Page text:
Mark Warner

06/13/2014 07:00 pm

No. But thank you for asking for opinions.

seddek

06/13/2014 07:14 pm

so does Matt answers and cares about big companies problems only ?

Josh Zehtabchi

06/13/2014 07:15 pm

You're welcome.

Durant Imboden

06/13/2014 07:22 pm

I thought Google confirmed an update, not a penalty.

Goto guy

06/13/2014 08:55 pm

Don't be evil, don't be liars, don't be google!

Maurice L. Robinson

06/14/2014 02:28 am

Lying is to be expected, it's these silent updates that should bother you most.

wqer

06/14/2014 04:42 am

And losing your organic search traffic for 1.5 years is a spiffy new feature!

Durant Imboden

06/14/2014 02:10 pm

You think so? I don't.

Joshua

06/15/2014 05:47 am

I never thought Metafilter was a quality site in the first place. Why should Google waste their time on this site in particular?

rrr

06/16/2014 09:06 am

google become churn & burn search engine where people unable to find what they want. good, google. Make people understand what your search engine is not search engine at all (or adwords search engine).

Bhaskar Dihingia

06/16/2014 11:18 am

Well, I guess if you have to police spammers at scales in which Google does, you cannot be truthful about everything! For example, you will not state openly where your anti-burglar system is placed or how it works.

StevenLockey

06/16/2014 03:32 pm

So, when you change your house alarm, do you put up a big sign for the burglars that you have done it and which exact system you have installed?

StevenLockey

06/16/2014 03:35 pm

No, lying by omission is when you imply something by leaving out a vital piece of evidence that disproves it. This isn't that at all, this is them refusing to answer as normal.

Maurice L. Robinson

06/17/2014 01:59 pm

This is more deception via long-range proactive truth. They tell you in 2014 that they are going to start silent updates so come 2016 you will have accepted it as normal practice.

Rick

06/17/2014 02:21 pm

Semantics, they omitted there was an update until now by not telling us.

StevenLockey

06/17/2014 02:51 pm

You didn't tell me the last time you went to the toilet. Does that mean you are lying by omission? Of course not. Its the same thing. You have no right or reason to be told about it. Not telling you something you want to know but have no right to know is NOT lying by omission.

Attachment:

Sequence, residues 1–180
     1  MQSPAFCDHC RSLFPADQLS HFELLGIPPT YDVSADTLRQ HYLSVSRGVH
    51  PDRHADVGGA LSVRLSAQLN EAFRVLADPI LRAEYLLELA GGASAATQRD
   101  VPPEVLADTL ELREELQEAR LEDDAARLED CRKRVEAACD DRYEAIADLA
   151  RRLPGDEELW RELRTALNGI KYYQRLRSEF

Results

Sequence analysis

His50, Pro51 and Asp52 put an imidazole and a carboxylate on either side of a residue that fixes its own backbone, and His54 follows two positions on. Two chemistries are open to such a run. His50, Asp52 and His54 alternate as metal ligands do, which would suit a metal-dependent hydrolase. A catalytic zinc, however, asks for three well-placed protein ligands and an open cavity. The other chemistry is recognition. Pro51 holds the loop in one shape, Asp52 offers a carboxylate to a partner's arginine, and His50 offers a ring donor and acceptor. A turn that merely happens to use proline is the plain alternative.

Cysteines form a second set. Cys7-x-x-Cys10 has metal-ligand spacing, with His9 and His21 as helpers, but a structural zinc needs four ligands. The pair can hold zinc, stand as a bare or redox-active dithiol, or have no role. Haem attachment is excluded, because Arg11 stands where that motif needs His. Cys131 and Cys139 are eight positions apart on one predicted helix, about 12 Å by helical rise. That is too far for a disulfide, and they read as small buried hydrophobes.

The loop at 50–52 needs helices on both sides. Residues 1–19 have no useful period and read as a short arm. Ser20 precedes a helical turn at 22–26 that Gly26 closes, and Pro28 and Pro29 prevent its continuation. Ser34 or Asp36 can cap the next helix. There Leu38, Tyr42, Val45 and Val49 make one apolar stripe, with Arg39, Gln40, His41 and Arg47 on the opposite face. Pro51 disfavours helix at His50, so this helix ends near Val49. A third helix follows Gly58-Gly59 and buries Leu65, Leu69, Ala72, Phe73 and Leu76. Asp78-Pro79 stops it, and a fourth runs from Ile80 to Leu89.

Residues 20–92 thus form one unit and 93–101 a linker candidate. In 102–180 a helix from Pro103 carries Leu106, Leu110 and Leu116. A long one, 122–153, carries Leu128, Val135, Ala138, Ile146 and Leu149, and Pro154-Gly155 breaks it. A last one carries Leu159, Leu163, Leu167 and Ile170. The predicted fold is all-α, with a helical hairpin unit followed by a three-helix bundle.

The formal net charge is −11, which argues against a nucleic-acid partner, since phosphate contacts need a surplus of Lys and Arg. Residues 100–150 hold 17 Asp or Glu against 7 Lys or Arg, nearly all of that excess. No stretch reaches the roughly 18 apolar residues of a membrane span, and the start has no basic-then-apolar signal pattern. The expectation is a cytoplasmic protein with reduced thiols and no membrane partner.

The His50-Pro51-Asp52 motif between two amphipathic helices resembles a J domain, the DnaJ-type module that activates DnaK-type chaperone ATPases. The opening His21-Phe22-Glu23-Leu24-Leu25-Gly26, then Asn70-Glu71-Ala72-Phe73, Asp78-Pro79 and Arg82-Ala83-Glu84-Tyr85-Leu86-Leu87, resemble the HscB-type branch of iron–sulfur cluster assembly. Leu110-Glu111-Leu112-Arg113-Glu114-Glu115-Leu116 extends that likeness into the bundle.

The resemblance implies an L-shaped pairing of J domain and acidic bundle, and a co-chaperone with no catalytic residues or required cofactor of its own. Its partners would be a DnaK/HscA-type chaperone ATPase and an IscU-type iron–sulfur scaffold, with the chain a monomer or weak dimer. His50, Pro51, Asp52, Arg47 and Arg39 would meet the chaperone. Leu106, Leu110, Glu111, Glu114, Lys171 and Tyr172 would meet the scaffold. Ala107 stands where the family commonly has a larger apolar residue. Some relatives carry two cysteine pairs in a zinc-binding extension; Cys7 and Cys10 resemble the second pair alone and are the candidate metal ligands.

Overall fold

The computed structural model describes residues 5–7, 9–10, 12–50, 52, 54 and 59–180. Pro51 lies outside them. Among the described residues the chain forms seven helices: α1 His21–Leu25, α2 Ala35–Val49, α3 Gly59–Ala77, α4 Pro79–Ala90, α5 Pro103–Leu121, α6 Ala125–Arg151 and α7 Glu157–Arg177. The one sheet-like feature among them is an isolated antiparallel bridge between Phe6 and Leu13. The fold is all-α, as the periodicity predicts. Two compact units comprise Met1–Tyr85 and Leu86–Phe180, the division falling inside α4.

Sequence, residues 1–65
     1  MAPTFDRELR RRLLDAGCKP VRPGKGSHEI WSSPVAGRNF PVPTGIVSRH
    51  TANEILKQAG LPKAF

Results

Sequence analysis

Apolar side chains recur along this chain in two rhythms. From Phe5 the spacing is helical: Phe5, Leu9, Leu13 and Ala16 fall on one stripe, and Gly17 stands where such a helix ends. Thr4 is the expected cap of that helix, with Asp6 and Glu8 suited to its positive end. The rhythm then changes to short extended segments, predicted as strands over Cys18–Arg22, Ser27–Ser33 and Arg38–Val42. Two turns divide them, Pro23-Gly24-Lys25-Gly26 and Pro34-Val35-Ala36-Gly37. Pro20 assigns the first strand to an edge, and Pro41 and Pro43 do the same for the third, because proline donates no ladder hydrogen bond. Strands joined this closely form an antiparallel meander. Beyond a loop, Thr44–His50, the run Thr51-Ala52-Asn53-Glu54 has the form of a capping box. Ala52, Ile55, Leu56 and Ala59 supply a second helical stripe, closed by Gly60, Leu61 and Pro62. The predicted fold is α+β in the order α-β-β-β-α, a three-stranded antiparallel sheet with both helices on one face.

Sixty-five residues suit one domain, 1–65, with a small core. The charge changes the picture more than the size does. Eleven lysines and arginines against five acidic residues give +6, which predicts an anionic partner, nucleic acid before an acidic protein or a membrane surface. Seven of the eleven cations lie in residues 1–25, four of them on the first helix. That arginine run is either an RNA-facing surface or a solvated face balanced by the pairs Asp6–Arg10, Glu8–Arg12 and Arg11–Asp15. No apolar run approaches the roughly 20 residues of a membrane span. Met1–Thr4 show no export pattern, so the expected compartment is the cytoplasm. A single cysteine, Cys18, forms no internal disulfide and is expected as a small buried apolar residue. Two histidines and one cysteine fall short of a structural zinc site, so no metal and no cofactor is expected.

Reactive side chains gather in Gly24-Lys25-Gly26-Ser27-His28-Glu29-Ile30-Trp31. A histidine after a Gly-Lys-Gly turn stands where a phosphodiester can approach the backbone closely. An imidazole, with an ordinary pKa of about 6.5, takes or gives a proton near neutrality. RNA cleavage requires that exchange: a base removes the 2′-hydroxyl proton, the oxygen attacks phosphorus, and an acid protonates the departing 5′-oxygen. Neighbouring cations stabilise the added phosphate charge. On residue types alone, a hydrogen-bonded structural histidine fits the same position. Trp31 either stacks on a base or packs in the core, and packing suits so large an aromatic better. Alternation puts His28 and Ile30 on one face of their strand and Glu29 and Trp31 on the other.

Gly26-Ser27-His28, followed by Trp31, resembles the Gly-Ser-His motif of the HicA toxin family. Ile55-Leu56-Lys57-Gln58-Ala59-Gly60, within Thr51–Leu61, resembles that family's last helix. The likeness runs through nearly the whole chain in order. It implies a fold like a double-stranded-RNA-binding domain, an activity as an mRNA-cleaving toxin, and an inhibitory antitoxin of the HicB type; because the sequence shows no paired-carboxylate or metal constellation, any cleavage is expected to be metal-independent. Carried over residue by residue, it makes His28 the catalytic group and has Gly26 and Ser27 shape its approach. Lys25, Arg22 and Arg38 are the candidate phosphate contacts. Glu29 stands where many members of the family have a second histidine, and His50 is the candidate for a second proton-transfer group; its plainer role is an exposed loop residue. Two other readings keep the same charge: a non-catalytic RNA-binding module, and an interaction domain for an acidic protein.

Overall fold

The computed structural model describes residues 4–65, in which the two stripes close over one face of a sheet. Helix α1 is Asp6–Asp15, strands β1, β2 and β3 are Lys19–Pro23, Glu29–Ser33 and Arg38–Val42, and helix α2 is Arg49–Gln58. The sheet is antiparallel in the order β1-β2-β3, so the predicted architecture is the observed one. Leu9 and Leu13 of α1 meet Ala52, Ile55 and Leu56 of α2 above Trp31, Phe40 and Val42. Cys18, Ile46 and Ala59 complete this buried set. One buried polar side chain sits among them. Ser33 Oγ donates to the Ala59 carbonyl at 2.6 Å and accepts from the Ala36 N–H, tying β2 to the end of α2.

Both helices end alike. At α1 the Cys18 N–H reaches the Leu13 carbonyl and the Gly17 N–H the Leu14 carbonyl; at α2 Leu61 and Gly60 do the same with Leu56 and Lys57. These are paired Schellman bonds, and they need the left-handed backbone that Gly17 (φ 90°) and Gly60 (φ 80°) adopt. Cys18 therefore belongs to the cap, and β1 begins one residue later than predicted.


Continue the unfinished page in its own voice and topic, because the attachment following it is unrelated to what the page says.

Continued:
Rick

06/17/2014 03:13 pm

You didn't ask :p When someone asks and you don't answer it is lying by omission if it is to intentionally mislead someone. And that is exactly what they are doing. Oh and please define what gives me the right to know or not know :)

StevenLockey

06/17/2014 03:25 pm

"When someone asks and you don't answer it is lying by omission if it is to intentionally mislead someone" Exactly, you can't show there was 1> Any attempt to mislead, 2> Any omission that would have caused someone to believe it wasn't underway. They just refused to confirm. Thats very different. Right to know stops at the door of privacy, since the Google algo is private, its covered by privacy. Same as for everyone else ;)

Rick

06/17/2014 04:36 pm

Oh no Google isn't intentionally misleading webmasters at all LOL. Are we playing the game of who can give a better lawyer definition? This is all just opinion not proving anything legally. They can legally lie if they feel like it. That is your definition not mine :) When it affects someone directly then the right to know changes.

StevenLockey

06/18/2014 09:11 am

Nope, it doesn't. The inflation rate directly affects you, you don't get to know after its decided. Your banks internal policies affect you directly, you'll never get to know about them. Lots of things affect you directly that you have absolutely no right to know about because they are part of someone else's private business.

Rick

06/18/2014 09:51 pm

Well that is nice that you believe that but I don't. A company is not a person. If it affects me I should be able to find out about it in my opinion as long as it does not directly affect another person. Thee End :)

StevenLockey

06/19/2014 08:26 am

Well, I don't disagree that might be nice but thats not what the law or the term lying by omission means :) If you feel you should have the right to know, thats fine, but you don't.